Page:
Questions for Eve Ensler: The V Generation (New York Times Magazine)
Originally published in:
The New York Times Magazine
By DEBORAH SOLOMON
Your new book, “I Am an Emotional Creature,” is a collection of 30-plus fictional monologues in which you assume the confiding, often plaintive, voices of teenage girls — from a Chinese factory worker to a sex slave in Africa to a schoolgirl in suburban America bemoaning her lack of purple Ugg boots. Why do you see yourself as a spokeswoman for teenage girls?
I don’t feel like I’m a spokesperson at all for girls. I just feel like, O.K., in the way that “The Vagina Monologues” was an attempt to communicate stories of women and their vaginas, this is an attempt to communicate the stories of girls on the planet right now.
That sounds so Girl Scout-ish.
I never was a scout. But maybe we can start thinking about creating a new radical troop. Troop V-Girl.
Why do you think you favor the form of the monologue? Do you see it as an emblem of the times — everyone yakking, no one listening?
I feel that monologues come naturally to me. I think often women are not listened to, and the monologue forces you to listen.
In that case, do you think of the monologue as a form of coercion or even abuse?
No, I don’t mean force as in controlling someone. I think the monologue allows one to take up space.
V-Day, your foundation, has raised some $70 million since 1998, largely through benefit productions of “The Vagina Monologues.”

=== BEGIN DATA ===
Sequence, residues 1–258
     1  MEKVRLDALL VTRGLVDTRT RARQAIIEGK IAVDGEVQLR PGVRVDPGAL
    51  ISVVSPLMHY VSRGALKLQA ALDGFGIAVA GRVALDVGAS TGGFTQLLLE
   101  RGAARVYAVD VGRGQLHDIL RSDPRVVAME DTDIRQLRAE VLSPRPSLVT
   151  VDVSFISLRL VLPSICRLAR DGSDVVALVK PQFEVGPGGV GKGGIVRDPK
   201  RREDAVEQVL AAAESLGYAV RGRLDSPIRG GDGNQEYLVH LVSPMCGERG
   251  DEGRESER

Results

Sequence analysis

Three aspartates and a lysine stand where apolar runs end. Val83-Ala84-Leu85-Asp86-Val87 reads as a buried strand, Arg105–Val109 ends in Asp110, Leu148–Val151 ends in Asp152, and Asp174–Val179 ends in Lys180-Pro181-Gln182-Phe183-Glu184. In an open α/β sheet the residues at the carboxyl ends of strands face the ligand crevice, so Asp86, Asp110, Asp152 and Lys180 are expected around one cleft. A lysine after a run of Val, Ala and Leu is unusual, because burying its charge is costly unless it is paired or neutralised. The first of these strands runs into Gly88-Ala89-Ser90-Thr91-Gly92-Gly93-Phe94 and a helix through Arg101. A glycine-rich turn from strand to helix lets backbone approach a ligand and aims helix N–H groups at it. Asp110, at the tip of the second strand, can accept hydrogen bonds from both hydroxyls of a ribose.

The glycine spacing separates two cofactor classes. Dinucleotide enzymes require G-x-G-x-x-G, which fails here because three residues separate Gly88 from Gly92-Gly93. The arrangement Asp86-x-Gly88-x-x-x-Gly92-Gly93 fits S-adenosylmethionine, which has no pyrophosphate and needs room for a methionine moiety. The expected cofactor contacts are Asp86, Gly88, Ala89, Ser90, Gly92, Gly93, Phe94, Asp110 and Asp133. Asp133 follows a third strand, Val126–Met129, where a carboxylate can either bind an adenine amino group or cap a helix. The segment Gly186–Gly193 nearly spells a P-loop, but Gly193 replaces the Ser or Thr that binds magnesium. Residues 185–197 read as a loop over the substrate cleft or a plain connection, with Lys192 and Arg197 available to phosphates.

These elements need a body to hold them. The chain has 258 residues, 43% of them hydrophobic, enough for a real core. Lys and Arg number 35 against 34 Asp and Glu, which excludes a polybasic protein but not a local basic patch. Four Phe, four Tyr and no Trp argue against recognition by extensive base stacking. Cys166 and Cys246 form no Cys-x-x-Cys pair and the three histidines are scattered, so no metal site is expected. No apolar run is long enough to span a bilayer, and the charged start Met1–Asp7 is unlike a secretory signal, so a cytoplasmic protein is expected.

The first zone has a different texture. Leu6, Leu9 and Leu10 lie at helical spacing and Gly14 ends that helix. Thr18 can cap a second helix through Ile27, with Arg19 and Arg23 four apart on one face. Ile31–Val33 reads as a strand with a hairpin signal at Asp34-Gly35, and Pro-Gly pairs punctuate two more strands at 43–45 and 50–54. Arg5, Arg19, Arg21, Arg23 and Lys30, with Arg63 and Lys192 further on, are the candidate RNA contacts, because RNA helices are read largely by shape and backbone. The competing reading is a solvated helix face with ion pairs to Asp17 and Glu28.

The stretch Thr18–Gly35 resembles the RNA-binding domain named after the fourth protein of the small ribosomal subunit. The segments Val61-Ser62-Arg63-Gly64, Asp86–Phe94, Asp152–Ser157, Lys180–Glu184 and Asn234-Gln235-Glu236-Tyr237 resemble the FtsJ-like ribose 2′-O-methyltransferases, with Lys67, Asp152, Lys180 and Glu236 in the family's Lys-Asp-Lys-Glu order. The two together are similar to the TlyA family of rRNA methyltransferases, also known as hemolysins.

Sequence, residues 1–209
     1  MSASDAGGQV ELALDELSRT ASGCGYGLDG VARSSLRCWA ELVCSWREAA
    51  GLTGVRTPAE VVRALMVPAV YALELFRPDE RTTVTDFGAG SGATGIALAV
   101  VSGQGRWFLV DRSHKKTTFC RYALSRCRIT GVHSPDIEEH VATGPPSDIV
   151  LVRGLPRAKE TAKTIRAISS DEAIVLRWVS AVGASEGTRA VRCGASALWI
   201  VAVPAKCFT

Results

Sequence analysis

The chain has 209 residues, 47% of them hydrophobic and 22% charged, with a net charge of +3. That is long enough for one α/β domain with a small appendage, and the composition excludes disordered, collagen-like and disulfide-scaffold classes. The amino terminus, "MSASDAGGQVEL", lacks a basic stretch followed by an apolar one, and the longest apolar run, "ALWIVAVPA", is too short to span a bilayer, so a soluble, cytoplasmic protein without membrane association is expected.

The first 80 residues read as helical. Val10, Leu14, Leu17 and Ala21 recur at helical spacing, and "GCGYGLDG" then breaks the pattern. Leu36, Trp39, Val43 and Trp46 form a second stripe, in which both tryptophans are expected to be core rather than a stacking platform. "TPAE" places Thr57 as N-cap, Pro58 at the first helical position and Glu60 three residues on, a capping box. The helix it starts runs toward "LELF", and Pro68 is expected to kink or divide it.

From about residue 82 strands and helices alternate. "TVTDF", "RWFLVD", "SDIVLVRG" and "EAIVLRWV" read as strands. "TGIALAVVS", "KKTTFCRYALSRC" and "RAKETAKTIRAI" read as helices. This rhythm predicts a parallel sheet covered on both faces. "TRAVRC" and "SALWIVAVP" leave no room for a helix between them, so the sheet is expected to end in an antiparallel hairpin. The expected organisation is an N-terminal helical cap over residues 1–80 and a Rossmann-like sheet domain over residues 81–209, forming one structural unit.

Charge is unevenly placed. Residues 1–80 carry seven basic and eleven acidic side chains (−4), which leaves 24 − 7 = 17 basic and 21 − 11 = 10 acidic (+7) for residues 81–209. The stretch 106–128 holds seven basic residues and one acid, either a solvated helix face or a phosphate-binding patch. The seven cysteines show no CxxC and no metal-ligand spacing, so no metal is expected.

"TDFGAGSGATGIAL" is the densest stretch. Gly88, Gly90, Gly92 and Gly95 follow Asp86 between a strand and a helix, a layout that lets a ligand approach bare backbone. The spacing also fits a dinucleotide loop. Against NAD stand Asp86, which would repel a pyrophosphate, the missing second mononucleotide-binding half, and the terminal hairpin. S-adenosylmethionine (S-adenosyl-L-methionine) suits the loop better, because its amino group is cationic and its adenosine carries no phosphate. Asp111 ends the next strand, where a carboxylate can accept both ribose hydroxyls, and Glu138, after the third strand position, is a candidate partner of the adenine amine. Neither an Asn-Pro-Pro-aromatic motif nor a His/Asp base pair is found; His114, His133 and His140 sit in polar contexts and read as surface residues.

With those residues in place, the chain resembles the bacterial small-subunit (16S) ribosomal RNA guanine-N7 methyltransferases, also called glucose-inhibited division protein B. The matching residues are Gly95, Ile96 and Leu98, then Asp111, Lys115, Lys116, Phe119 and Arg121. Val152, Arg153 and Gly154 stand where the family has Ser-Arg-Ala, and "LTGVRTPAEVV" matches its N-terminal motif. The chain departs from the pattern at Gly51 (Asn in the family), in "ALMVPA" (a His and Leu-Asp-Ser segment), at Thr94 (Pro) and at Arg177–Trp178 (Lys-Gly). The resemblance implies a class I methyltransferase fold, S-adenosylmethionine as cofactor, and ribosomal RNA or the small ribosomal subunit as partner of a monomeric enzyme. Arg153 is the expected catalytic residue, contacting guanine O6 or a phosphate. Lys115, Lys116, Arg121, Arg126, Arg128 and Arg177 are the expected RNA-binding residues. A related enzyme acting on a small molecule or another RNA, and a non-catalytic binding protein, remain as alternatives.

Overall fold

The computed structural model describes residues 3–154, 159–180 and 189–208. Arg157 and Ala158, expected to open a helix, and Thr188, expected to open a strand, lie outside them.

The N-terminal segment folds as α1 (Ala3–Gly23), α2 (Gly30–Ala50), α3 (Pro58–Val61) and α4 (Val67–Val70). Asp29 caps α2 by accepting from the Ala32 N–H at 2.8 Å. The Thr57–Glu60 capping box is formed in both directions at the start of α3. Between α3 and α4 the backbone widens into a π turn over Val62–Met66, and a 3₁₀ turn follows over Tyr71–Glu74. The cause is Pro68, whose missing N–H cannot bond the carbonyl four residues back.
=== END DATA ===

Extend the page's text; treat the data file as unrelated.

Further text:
I don’t think of it as a foundation, but a movement. V-Day exists in 130 countries now. This year there will be about 5,000 performances in places from Paris to Brest, France, to Greece to Tanzania.
What is the played called in French?
“Les Monologues du Vagin.” In Italian, it’s “I Monologhi della Vagina.”
What does the V in V-Day stand for?
For vagina and victory-over-violence and Valentine’s Day. A lot of beautiful words begin with V — voluptuous, vulva, volcanic, vulnerability.
What about vulture?
Vultures serve a positive function. They clean up the dead.
As a self-described activist, you’ve made many visits to Congo.
On May 25, we're opening the City of Joy, a facility for 90 women who are survivors of gender violence. It's a small pastoral city in Eastern Congo.
The City of Joy sounds like the name of a church.
The desire was to create a name that was not about women’s victimization, but about claiming their future. We’ll have a radio station (we hope). We’ll have a huge field that women will plant to grow their own crops; we’ll have therapy; we’ll have dance; we’ll have theater; and women will come for six months, everything paid.
How does a dance workshop help someone in the midst of a civil war?
Dance has a transformative effect on bodily trauma. When you’ve been raped, the trauma lodges itself in your being. Dance is a surefire way to release it.
You treat everything as a problem of self-esteem, as opposed to a complex set of political and economic problems.
The City of Joy is not going to end the war. But if enough leaders come out of it, maybe they’ll end the war.
Where are you from?
I was born in Manhattan and grew up in Scarsdale. Scarsdale didn’t work for me as a place at all.
Are you married?
No. I’m a nomad. I have a place in New York in the Flatiron District, and I have a place in Paris in Île Saint-Louis, and I spend a lot of time in Congo.
Do you ever yearn for security now that you’re 56?
Thank you for putting my age right out there! Security isn’t what I hunger for. I hunger for change. I hunger for connection. I hunger for good sex.
What if you just want somebody to help you find a ladder in the basement?
I don’t have a basement. And actually it turns out I’m fully capable of changing a light bulb all by myself.
INTERVIEW HAS BEEN CONDENSED AND EDITED.